An army of searchers moved through the rubble of Paradise in a desperate search Friday to find more victims of California’s worst fire on record as the number of people missing skyrocketed.
The death toll from the devastating Camp fire rose to 71 Friday, while the number of people reported missing jumped to more than 1,000, authorities said.
Butte County Sheriff Kory Honea told reporters at a Thursday afternoon news conference that search crews had recovered eight more bodies in the burn area.
The number of people unaccounted for rose to 1,011, up from 631 on Thursday evening, after authorities combed through additional 911 calls, emails and other reports generated at the peak of the chaotic evacuation.
Honea said that number may include some people who are counted twice or others who may not know they were reported missing.
The staggering toll was announced as President Trump made plans to visit California to meet with people affected by the wildfires. It would mark his second trip as president to the nation’s most populous state.
The Camp fire is by far the worst wildfire in recorded California history. By Thursday evening, the blaze had chewed through 141,000 acres and 11,862 structures, destroying an entire town in hours. Officials said it could take weeks to complete the search for victims. Thousands of survivors are without homes, living in shelters and tent cities.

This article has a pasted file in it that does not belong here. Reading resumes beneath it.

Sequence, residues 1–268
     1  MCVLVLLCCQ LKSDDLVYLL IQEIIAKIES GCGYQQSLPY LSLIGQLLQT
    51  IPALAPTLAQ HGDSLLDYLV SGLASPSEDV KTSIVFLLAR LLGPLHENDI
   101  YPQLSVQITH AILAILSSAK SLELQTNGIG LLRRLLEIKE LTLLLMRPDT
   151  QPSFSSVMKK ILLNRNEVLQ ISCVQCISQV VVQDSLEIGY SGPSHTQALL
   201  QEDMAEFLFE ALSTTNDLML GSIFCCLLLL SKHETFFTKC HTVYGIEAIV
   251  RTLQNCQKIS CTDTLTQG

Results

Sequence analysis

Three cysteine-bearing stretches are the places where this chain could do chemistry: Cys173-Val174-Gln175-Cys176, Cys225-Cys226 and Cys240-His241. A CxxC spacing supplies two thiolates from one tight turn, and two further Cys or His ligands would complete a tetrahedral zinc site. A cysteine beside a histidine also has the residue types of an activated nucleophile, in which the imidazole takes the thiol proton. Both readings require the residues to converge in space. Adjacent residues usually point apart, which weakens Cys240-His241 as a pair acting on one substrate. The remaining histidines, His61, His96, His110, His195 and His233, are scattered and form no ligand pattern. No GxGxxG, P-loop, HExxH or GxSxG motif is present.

Mandatory evacuation orders were lifted in some areas and reduced to warnings as fire crews on the front lines boosted containment to 40%.
“What that means is, if conditions change and fire begins to threaten that area, you have to be ready to go,” Honea said.
The fire is also causing a major public health problem as smoke choked huge swaths of Northern California, including Sacramento and the Bay Area. Dozens of schools across the region canceled classes as authorities urged residents to remain indoors.
At a town hall meeting in Chico late Thursday, Denise Davis showed up to reconnect with her community. There, the 53-year-old Paradise resident saw a neighbor whom she last saw in a driveway carrying someone else’s dog during evacuations.